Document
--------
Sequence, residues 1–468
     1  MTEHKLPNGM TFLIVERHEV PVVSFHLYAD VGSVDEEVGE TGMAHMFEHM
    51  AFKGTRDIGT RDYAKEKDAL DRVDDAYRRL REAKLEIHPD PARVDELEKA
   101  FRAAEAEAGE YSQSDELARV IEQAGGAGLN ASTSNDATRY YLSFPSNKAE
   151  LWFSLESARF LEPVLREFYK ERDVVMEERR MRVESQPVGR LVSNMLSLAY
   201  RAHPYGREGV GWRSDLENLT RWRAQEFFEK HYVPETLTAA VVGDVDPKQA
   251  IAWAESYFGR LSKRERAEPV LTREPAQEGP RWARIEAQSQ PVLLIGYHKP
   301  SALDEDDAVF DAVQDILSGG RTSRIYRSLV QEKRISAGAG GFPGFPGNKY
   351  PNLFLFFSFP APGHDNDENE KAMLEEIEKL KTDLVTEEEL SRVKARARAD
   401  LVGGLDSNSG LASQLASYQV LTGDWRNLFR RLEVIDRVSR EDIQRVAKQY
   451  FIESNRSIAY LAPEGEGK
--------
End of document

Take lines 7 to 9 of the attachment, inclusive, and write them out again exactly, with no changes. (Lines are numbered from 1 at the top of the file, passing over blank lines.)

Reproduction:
   251  IAWAESYFGR LSKRERAEPV LTREPAQEGP RWARIEAQSQ PVLLIGYHKP
   301  SALDEDDAVF DAVQDILSGG RTSRIYRSLV QEKRISAGAG GFPGFPGNKY
   351  PNLFLFFSFP APGHDNDENE KAMLEEIEKL KTDLVTEEEL SRVKARARAD